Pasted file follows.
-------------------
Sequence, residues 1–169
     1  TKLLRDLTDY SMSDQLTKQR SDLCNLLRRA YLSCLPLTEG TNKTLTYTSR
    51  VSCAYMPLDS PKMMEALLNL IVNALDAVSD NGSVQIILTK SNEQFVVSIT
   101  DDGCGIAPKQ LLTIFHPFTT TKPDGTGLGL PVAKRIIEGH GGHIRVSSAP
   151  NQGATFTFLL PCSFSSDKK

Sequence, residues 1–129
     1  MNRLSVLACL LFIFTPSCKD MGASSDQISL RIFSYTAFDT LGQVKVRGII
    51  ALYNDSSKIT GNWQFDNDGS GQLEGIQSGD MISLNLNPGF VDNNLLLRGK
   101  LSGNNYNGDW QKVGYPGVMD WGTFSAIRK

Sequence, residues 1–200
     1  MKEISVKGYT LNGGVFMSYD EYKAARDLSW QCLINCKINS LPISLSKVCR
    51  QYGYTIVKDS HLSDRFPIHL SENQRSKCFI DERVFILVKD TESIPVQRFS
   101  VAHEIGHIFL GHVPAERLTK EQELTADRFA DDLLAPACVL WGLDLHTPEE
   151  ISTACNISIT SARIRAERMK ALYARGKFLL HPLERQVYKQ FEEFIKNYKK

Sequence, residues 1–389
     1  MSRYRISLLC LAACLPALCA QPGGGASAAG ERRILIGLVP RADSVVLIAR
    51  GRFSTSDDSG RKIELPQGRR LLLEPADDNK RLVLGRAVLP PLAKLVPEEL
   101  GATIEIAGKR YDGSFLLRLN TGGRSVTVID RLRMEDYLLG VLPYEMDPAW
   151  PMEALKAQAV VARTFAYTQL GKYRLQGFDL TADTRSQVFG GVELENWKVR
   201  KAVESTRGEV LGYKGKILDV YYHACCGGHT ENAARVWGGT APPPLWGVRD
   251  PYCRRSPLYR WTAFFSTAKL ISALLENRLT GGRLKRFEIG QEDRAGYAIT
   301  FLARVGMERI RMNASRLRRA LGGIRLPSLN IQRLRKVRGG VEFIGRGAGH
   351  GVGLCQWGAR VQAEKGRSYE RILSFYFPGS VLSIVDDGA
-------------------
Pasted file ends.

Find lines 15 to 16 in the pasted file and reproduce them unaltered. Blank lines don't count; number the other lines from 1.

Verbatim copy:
Sequence, residues 1–389
     1  MSRYRISLLC LAACLPALCA QPGGGASAAG ERRILIGLVP RADSVVLIAR